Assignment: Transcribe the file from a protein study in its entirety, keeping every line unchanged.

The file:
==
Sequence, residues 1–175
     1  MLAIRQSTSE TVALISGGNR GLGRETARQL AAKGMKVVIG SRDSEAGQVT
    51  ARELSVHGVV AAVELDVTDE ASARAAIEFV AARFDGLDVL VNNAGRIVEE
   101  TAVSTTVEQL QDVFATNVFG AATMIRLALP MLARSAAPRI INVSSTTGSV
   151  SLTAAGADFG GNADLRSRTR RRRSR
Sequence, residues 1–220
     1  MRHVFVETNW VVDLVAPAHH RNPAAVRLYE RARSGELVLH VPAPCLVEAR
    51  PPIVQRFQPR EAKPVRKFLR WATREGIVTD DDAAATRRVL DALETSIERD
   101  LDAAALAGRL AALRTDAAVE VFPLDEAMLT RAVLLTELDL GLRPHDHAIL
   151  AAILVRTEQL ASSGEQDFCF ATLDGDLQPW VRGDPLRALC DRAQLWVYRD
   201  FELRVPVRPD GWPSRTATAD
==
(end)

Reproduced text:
Sequence, residues 1–175
     1  MLAIRQSTSE TVALISGGNR GLGRETARQL AAKGMKVVIG SRDSEAGQVT
    51  ARELSVHGVV AAVELDVTDE ASARAAIEFV AARFDGLDVL VNNAGRIVEE
   101  TAVSTTVEQL QDVFATNVFG AATMIRLALP MLARSAAPRI INVSSTTGSV
   151  SLTAAGADFG GNADLRSRTR RRRSR
Sequence, residues 1–220
     1  MRHVFVETNW VVDLVAPAHH RNPAAVRLYE RARSGELVLH VPAPCLVEAR
    51  PPIVQRFQPR EAKPVRKFLR WATREGIVTD DDAAATRRVL DALETSIERD
   101  LDAAALAGRL AALRTDAAVE VFPLDEAMLT RAVLLTELDL GLRPHDHAIL
   151  AAILVRTEQL ASSGEQDFCF ATLDGDLQPW VRGDPLRALC DRAQLWVYRD
   201  FELRVPVRPD GWPSRTATAD